15020 Hawthorne Blvd., Lawndale
310-263-0463
Map

La Flor De Yucatan Bakery [Downtown]
1800 S. Hoover St., at Washington, Los Angeles
213-748-6090
Map

Babita [San Gabriel Valley]
1823 S. San Gabriel Blvd, South of Valley, San Gabriel
626-288-7265
Map

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The great tamale taste-off

Ramen Champ Santouka Kills ‘Em on the Westside

The new location of Santouka in the West L.A. Mitsuwa is even better than the original location of late, says rameniac–they’re really on top of their game.

Shio ramen is the one to get: rich and flavorful, noodles nice and chewy, with seasoned bamboo and rich, lovely pork. For a little extra, you can get the “special pork”–it’s worth it, says sel. You might also want to order “oomori,” or large bowl, says rameniac–Santouka’s portions are, well, typically Japanese.

The menu is limited for now, with just the shio, soy, miso and spicy miso ramens, and no side dishes. One interesting variation on ramen, though, is tokusen torinaku ramen, where the noodle soup comes with a bunch of toppings, including super-fatty chashu (roast pork), for you to dip in the sauce.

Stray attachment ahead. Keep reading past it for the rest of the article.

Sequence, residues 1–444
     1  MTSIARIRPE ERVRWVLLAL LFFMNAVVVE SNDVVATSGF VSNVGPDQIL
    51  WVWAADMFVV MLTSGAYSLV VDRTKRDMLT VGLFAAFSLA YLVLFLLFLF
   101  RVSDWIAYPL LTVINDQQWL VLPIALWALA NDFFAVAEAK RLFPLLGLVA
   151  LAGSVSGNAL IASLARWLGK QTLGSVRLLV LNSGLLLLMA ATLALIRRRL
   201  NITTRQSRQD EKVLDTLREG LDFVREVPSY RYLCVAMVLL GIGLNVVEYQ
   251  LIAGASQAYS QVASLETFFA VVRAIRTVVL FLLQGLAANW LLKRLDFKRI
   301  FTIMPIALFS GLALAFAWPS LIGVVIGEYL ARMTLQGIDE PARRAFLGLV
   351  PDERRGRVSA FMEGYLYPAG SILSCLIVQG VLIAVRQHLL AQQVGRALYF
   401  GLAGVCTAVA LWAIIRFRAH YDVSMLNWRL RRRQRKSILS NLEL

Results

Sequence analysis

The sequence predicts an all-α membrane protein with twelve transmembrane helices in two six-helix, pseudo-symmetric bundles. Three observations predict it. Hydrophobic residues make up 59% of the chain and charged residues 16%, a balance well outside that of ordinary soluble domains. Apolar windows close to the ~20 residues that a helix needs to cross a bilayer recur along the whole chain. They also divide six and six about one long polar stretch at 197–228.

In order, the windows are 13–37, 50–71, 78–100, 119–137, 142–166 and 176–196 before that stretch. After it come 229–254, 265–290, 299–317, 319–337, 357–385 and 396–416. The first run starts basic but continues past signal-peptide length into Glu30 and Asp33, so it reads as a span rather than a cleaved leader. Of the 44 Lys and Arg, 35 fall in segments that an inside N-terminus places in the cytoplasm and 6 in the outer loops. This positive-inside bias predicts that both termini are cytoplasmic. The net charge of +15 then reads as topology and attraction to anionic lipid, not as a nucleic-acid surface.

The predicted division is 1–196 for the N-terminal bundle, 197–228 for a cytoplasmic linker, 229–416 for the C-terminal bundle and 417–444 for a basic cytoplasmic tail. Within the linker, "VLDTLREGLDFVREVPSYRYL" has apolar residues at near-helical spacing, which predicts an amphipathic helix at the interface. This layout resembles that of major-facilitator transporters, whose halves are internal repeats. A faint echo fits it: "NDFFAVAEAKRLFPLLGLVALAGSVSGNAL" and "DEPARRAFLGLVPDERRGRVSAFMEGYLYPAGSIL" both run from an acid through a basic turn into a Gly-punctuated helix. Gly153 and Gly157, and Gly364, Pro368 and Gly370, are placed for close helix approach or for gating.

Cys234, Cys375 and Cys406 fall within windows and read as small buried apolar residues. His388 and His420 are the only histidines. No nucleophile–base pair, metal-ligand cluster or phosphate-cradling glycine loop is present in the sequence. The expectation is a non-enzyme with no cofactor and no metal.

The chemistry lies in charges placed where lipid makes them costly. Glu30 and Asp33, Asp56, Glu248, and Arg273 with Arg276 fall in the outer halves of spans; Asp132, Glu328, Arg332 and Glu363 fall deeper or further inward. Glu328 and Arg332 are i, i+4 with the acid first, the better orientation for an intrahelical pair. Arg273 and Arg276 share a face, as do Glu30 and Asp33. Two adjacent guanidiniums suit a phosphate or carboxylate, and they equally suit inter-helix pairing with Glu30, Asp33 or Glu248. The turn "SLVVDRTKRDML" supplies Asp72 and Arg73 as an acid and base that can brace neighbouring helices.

And if you’ve acquired the taste for natto, the traditional and highly divisive dish of fermented soybeans, they’ve got it, says omotosando. A bowl of rice topped with natto and negi is $1.99; you can also get natto and rice with your ramen set.

Regular ramen is $6.49; tokusen torinaku ramen is $9.49.


Santouka Ramen [Beaches]
at Mitsuwa Marketplace
3760 S. Centinela Ave., Los Angeles
310-398-2113
Map

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Santouka for newbies
Santouka quickie
Natto at Santouka and elsewhere
what to get at Santouka

Enough Cilantro to Choke a Cow

At Peruvian Kitchen, not only can you get the usual ceviche and stir-fries of Lima, you can also get beef or chicken hearts as an appetizer. The thinly sliced beef hearts, marinated in vinegar with garlic and chiles, are delicious, and hardly gamy at all, says Chubbypanda. Texture-wise, it’s almost like biting into a slice of filet–a very tender and yet slightly crunchy filet.